Like other organic products, seeds used in organic agriculture cannot be genetically engineered or be treated with prohibited substances.
This is the twenty-second installment of the Organic 101 series that explores different aspects of the USDA organic regulations.
The fall harvest is in, and organic farmers are already looking forward to planting their spring seedlings. Organic farmers rely on organic seeds to meet the growing demand for certified organic products. These seeds are essential to the integrity of the supply chain for quality organic food, feed and other products. All organic producers must use organic seeds, annual seedlings and planting stock unless organic varieties are not commercially available.
To meet the increased demand for organic seeds, the National Organic Program (NOP), part of USDA’s Agricultural Marketing Service is collaborating and sharing information with the Organic Seed Alliance (OSA) and its partner, the Association of Official Seed Certifying Agencies (AOSCA), to better understand the organic seed market and to help farmers locate seed producers and supplies. Read more »
The beautiful poinsettia stands as a decoration on its own. NRCS photo by Analia Bertucci.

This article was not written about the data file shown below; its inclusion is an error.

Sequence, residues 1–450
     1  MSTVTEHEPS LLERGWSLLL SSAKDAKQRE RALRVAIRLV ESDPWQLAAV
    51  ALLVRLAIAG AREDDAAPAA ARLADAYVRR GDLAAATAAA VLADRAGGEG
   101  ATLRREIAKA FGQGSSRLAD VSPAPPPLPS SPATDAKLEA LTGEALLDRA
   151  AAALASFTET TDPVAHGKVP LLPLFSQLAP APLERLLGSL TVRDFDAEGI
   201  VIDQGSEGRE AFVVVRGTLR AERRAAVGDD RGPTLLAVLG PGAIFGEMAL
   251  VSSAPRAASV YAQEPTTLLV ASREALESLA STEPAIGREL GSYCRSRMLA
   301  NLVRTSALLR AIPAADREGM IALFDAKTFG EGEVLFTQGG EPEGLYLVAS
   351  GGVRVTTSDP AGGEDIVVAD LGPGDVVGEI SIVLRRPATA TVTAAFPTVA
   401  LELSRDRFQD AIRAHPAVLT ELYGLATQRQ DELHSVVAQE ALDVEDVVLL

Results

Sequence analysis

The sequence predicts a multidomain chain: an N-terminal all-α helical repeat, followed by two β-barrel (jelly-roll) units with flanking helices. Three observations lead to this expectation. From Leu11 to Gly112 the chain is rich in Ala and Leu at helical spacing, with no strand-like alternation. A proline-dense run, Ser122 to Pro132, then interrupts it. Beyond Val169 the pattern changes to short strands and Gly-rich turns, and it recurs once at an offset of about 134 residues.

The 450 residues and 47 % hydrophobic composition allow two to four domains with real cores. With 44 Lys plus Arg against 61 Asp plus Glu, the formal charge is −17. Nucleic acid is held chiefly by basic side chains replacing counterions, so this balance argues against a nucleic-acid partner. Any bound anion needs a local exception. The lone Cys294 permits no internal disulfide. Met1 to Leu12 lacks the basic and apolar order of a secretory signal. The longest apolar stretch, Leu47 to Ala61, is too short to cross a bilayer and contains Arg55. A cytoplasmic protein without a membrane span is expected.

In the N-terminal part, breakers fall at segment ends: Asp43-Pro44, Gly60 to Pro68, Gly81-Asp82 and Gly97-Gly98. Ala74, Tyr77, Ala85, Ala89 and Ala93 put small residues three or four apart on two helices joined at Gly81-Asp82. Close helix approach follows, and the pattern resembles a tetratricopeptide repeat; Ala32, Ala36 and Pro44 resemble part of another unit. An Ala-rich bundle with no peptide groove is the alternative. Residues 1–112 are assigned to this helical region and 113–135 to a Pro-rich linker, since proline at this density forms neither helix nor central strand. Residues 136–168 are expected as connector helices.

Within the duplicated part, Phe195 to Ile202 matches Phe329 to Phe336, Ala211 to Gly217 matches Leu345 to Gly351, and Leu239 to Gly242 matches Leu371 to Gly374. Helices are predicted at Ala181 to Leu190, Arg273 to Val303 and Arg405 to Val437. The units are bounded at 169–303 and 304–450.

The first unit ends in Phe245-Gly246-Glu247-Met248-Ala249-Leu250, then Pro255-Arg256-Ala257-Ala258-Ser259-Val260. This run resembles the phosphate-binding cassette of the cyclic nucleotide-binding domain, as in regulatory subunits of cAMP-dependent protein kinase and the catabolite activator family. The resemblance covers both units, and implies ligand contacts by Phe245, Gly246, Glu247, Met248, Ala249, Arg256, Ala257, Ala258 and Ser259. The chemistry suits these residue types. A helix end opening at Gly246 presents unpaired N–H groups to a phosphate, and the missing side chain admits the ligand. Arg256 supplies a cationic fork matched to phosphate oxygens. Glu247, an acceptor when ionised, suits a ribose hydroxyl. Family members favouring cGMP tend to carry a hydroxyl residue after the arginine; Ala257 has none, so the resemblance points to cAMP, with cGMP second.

The poinsettia – academic types may call it by its binomial name, and biologists might refer to its species. But how many of us are guilty of calling it that red flower with the pointy leaves used to decorate during the holidays?
In the world of holiday shrubbery, the poinsettia has always taken a backseat to the Christmas tree. With its lights and ornaments, the tree has become the icon of the holiday in contrast to the poinsettia, which is usually placed in a nearby corner. Read more »
Agriculture Secretary Tom Vilsack speaking at a press conference in Fairfax, VA. USDA photo by David Kosling.
USDA has a long history of helping farmers, ranchers and forest landowners maintain their bottom line while improving soil health and reducing runoff into streams and rivers. For nearly 80 years, USDA has offered funding and technical assistance for farmers to implement conservation practices through the conservation title of the Farm Bill. In recent years, however, USDA has also supported new, innovative approaches to voluntary, private lands conservation.
An announcement today by USDA Secretary Tom Vilsack, Virginia Governor Terry McAuliffe, and Administrator Gina McCarthy of the Environmental Protection Agency (EPA) in northern Virginia highlights an innovative approach called water quality trading. Farmers like John Harrison of Appomattox County are taking advantage of private investments to implement conservation practices on their land. These practices help reduce erosion and nutrient runoff into local bodies of water, generating nutrient credits that can then be sold to regulated entities looking to offset nutrient losses for compliance purposes. Read more »
From left to right, Hardin County farmer Jerry McBride, AgCredit CEO Brian Ricker and Ohio State Conservationist Terry Cosby place the first cover crop sign in McBride’s cover crop field which contains a mix of oilseed radish, hairy vetch, and cereal rye. NRCS photo by Dianne Johnson.